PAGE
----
The latest Washington cry of “You’re Fired!” will elevate current CIA Director Mike Pompeo to the secretary of state’s chair. He’s reasonably qualified and up to date on global challenges. After enduring a few circus stunts on the Hill, he’ll be confirmed as our nation’s chief diplomat. As long as he can summon the guts to challenge the president when necessary, Pompeo should do a competent job.
A shabbily unfair controversy has already begun, though, over Pompeo’s successor at the CIA. The administration’s choice is Gina Haspel, now deputy director and an agency veteran since 1985. She has extensive undercover experience and impeccable professional credentials. Confirming her should be all but automatic.
It won’t be. Because congressional Democrats are about to focus on the wrong fight over the wrong person at utterly the wrong time.
Dems on the Hill need to concentrate on protecting the Mueller investigation, the paramount security matter facing our country today. Instead, they’re about to do the work of Vladimir Putin and far-right domestic extremists by grandstanding against our intel agencies — and the indispensable work they do for all of us.
The issue — back from the dead — is “enhanced interrogation techniques” and black-site management from the immediate aftermath of 9/11. Haspel is reported to have been involved with those long-abandoned programs.
If she was, good for her. It’s cowardice for any politician, almost two decades after the fact, to criticize actions taken in good faith to protect our country.
Has everyone forgotten what we witnessed that September morning? The first foreign attack on a US state since the War of 1812? (Hawaii hadn’t yet gained statehood when Pearl Harbor was bombed.) Three thousand dead Americans? And the pervasive, bipartisan fear that the terrorists could strike again, massively, against our homeland and our people?
We didn’t know for certain whether the attacks on the World Trade Center and Pentagon were a one-off, or the start of a devastating campaign. Even in the heartland, citizens were frightened. And angry. We wanted answers, safety, results — and yes, revenge.
And we waited for the next attack.
Yes, we’ve forgotten. So many elected officials who later posed as moral authorities on waterboarding and detention conditions would, one suspects, have authorized those things and more in the desperate days of autumn 2001.
In the wake of 9/11, our military and intelligence agencies stepped up, with Special Ops in the lead on the Pentagon side and the CIA performing vital missions around the globe.
And they kept us safe.
Recall, too, the outcry of “Intelligence failure!” In fact, intel warnings had been there for years, ignored by the Clinton White House and not yet grasped by the rookie Bush administration.
By midnight, Sept. 11, 2001, the pressure was on to get the job done, using any means necessary.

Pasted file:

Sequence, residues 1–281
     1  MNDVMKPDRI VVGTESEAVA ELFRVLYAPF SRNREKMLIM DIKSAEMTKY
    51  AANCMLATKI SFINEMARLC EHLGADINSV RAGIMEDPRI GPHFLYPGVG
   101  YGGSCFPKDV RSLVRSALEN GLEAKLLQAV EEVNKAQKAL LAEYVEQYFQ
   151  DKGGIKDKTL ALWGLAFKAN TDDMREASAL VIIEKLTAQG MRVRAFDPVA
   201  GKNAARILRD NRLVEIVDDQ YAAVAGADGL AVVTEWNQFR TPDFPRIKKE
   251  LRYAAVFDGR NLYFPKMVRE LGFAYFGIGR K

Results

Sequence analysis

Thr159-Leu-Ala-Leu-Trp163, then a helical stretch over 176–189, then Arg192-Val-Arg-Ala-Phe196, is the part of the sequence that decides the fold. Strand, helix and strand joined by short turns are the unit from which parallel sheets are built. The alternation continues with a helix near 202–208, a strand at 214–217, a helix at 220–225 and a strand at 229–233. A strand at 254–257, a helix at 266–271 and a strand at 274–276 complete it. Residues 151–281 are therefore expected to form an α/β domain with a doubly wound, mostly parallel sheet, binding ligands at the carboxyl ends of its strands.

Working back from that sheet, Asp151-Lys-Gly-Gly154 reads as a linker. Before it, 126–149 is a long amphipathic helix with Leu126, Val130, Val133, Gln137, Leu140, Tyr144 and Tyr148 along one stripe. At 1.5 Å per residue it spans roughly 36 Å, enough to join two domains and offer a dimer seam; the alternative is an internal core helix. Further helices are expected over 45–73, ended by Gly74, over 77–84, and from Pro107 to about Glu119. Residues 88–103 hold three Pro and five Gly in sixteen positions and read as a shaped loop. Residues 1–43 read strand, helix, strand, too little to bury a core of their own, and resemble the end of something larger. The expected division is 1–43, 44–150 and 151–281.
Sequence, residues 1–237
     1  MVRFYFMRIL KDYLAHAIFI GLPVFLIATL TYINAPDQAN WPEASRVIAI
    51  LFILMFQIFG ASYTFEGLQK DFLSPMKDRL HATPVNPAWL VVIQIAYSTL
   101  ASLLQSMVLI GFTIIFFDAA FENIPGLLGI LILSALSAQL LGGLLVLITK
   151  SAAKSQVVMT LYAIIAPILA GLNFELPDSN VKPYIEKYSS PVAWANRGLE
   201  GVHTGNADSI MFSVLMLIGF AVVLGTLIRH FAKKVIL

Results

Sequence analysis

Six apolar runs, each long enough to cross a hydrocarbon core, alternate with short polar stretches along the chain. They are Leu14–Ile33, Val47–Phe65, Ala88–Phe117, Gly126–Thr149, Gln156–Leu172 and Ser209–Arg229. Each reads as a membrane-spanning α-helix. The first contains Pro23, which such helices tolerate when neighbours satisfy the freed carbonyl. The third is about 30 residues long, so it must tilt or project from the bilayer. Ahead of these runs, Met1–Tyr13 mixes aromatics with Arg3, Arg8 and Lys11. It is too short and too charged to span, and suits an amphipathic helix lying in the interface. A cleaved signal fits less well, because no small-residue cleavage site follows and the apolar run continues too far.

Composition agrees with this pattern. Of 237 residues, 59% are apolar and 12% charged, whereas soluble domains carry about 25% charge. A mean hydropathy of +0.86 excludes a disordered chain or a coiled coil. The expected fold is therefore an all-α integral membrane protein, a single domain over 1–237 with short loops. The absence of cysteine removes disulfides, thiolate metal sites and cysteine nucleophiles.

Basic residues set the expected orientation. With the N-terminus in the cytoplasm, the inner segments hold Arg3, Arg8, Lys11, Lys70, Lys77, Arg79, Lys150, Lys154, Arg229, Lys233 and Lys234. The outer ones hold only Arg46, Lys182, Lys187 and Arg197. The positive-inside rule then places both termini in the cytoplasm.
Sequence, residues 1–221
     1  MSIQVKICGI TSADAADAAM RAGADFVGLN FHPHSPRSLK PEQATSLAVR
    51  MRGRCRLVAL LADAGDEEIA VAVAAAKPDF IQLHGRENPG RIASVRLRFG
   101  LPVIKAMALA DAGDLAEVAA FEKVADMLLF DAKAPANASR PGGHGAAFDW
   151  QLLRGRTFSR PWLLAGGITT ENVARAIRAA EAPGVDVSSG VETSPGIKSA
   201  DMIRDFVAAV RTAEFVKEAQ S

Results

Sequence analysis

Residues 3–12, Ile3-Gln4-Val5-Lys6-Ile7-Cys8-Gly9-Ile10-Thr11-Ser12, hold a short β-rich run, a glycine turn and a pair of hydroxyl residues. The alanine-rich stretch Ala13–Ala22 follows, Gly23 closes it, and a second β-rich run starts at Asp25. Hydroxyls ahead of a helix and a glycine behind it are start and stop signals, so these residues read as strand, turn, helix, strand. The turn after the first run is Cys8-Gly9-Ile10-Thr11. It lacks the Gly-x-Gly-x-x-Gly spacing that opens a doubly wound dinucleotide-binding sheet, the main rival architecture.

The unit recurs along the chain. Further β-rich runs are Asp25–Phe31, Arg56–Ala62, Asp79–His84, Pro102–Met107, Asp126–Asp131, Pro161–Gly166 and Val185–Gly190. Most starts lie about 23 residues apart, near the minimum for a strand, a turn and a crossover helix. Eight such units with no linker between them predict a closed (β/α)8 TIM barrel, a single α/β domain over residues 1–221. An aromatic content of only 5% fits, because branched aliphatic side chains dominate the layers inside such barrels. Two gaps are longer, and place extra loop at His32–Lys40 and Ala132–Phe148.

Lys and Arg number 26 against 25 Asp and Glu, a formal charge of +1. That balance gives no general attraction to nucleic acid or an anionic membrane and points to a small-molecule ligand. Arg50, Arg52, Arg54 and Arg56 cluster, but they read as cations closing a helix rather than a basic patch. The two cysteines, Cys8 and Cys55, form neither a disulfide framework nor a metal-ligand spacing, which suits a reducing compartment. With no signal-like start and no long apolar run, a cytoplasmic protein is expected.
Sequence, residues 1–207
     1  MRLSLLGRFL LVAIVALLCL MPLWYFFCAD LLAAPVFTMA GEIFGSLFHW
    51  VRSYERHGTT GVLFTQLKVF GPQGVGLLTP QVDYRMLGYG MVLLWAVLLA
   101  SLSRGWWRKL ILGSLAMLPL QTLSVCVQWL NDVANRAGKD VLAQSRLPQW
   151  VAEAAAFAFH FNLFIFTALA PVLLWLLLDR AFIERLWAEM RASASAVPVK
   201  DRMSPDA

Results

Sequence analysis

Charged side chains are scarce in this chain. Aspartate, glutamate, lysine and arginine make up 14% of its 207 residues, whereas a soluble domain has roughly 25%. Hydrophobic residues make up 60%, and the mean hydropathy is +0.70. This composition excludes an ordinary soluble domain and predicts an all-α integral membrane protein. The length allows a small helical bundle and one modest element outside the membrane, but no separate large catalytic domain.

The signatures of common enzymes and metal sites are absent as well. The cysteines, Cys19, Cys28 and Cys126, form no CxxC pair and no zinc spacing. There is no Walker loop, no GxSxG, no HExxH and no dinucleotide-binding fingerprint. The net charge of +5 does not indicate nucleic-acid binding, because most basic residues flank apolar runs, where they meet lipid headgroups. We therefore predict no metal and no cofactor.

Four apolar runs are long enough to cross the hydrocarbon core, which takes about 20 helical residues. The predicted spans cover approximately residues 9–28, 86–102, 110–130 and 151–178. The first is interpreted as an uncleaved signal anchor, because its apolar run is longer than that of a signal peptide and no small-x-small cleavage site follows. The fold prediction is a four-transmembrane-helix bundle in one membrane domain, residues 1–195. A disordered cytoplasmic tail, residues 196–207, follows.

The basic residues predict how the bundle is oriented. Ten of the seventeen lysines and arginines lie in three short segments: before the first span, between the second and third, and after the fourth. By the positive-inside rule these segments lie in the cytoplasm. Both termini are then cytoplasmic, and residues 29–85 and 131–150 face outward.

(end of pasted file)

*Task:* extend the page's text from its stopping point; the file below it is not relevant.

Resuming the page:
The point isn’t to argue that waterboarding and other techniques are wise, but simply to point out that, from the comfort and safety of 2018, it’s wildly unjust to persecute those who did their best in the aftermath of a stunning terrorist massacre.
If there are clear reasons that disqualify Haspel from becoming the next CIA director, fine. But let’s not play the self-righteousness card, if we have never had to make tough decisions ourselves to protect this country.
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The argument for confirming her is straightforward: These are dangerous times, with Russia on a rampage, China pawing the globe, North Korea pursuing nukes that could threaten our homeland, endless turmoil and lingering terror in the Middle East and a general crisis of confidence among our closest allies over whether we’ll really stand by them.
Intelligence ties and trust, between organizations and individuals, are built up over decades. Our put-upon allies would be reassured by the appointment of an intelligence professional they know — and Haspel may be the best-qualified individual ever nominated to the post.
The CIA’s rank-and-file would be reassured, as well, as would the rest of the intel community.
So let’s not make this another congressional clown-show.
It’s bad enough that right-wing talk-show hosts stir up utterly unjustified paranoia toward our intelligence agencies (abetted by Hollywood’s lazy storylines in which villainous American spies root through our underwear). I served in the intelligence world, on the military side, for over two decades. And I can attest that the men and women in that world are genuine patriots keeping us safe every single day.
Intel professionals deserve better than assaults and insults from those who never served our country in any capacity beyond political hackateering.
Give Gina Haspel a fair hearing. And thank those who serve in the darkness so that we can live in the light.
Ralph Peters served in Military Intelligence as an enlisted man and an officer.
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